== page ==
Wiluna Elder Glen Cooke

Wiluna Elder Glen Cooke

A Toro Energy meeting took place today in Perth with the Wiluna Native Title signatories in light of Toro’s focus to culminate plans to proceed with Western Australia’s first uranium mine. Concerned Wiluna Elder Glen Cooke has long opposed the project and said he was excluded from discussions with Toro. Mr Cooke said he is concerned of potential risk exposures to his people and to his people’s Country.

“Our Country, our rivers, our creeks will be poisoned. It is guaranteed there will be incidents, accidents, leaks, spills. Look at what has occurred at Ranger (uranium mine in the Northern Territory), with more than 200 incidents, and at Olympic Dam (in South Australia) drying up Country (with its demand on water). When we hurt nature, we are actually hurting ourselves, if we fight with nature we are fighting with ourselves,” said Mr Cooke.

Mr Cooke previously entered the Toro AGM shareholders meeting by proxy on the 28th of November to express his concerns that the company had failed to communicate a number of vital issues with Wiluna residents.

“They make it sound good, they don’t say the dangers and say uranium is good stuff and will cause no harm to anything”, said Mr Cooke

According to Mr Cooke “the  signatories have been persuaded to believe the uranium operation will have low environmental impacts.” He is concerned that,  “these Indigenous groups are targeted and influenced by deals to sign over the rights of the land”.

“These people that Toro are talking to are driving around Toyotas that they did not have before. About 11 Toyotas just appeared” said Mr Cooke.

Mr Cooke is supported in his allegations by other local Elders such as Lena Long. Ms Long said she attended these meetings often and knew what was going on, and noticed the vehicles gifted.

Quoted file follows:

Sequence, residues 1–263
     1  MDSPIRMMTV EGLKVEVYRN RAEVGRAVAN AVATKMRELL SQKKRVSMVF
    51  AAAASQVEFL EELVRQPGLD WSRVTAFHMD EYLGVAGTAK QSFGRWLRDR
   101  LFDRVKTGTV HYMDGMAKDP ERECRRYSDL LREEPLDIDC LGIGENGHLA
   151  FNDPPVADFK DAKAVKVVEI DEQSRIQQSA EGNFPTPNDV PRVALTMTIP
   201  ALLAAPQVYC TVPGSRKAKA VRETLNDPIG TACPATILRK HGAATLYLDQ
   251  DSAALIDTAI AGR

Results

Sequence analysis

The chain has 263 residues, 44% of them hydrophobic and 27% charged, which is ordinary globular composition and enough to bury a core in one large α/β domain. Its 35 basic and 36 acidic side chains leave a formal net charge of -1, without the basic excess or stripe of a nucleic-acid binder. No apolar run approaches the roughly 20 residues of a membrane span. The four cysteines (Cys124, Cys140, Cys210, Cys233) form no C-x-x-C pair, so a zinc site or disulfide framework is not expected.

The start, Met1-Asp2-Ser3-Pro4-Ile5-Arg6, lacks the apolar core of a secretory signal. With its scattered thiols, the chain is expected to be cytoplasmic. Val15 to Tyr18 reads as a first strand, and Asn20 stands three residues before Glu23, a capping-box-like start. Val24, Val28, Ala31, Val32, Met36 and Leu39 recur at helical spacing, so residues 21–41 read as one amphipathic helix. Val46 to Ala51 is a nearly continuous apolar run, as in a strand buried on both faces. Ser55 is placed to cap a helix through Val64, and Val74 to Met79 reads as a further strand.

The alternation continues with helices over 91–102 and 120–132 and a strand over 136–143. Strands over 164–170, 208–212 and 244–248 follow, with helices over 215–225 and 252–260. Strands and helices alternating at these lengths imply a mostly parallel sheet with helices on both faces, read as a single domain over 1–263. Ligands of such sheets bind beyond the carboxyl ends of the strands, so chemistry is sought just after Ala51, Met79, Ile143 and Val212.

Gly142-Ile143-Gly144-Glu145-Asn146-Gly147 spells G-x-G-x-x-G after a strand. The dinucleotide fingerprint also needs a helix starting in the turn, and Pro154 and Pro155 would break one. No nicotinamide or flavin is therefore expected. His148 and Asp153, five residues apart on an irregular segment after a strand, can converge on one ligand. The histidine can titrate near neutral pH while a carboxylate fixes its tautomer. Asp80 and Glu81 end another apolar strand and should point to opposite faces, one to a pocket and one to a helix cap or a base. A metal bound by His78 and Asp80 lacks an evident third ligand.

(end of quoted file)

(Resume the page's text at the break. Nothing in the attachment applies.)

“I support Glen.”

“Toro told everyone in meetings that they will clean it all up and nothing will be left behind. I know better. Uranium from the ground is dangerous to all families. Our babies will suffer the most” said Mrs Long.

Mr Cooke said the environment and people, those in the now and those to come must come first, that is before material benefits. “We must care for our land and children and not put our future at risk. These corporations only want to make money, they are full of broken promises,” said Mr Cooke.

“Some men in these meetings are not Traditional Owners but are from the Warburton Ranges like myself and have children with traditional Martu women like me. So why can they attend and I have been excluded?”

Kylie Fitzwater who attended the shareholders meeting with Mr Cooke said that “Toro’s spokeperson boldly stated to the shareholders that the proposed mine area has no significance to the Indigenous people of Wiluna.”

“When Elder Glen Cooke asked a question he was treated abruptly by Toro and with complete disrespect.  He was not permitted to reiterate any questions. It is clear the company tolerates no opposition and has been unfair and biased during their submission period no matter what their convictions,” said Ms Fitzwater.

Mr Fitzwater said that the Environmental Protection Authority (EPA) have approved the uranium project but with 36 conditions however she argues that the submitted Environmental Management Report was incomplete and lacked details on how to manage  radioactive tailings.

“The EPA should seriously reconsider this approval basis and commit to protecting our ecosystem.  (Western Australia) cannot afford this mistake (because) we will pay the consequences for an incomprehensible amount of time. This (should be a) concern to all Australians,” said Ms Fitzwater.

“Mr Cooke has a complete understanding of the effects of radiation and can best explain this to the signatories, as he recalls the Maralinga operation when he was just eight years old.”


More reading:

Major uranium leak endangers Kakadu but played down

Uranium mining for Western Australia

Forty uranium mines is the plan for Western Australia

Sickness Country – uranium and Kakadu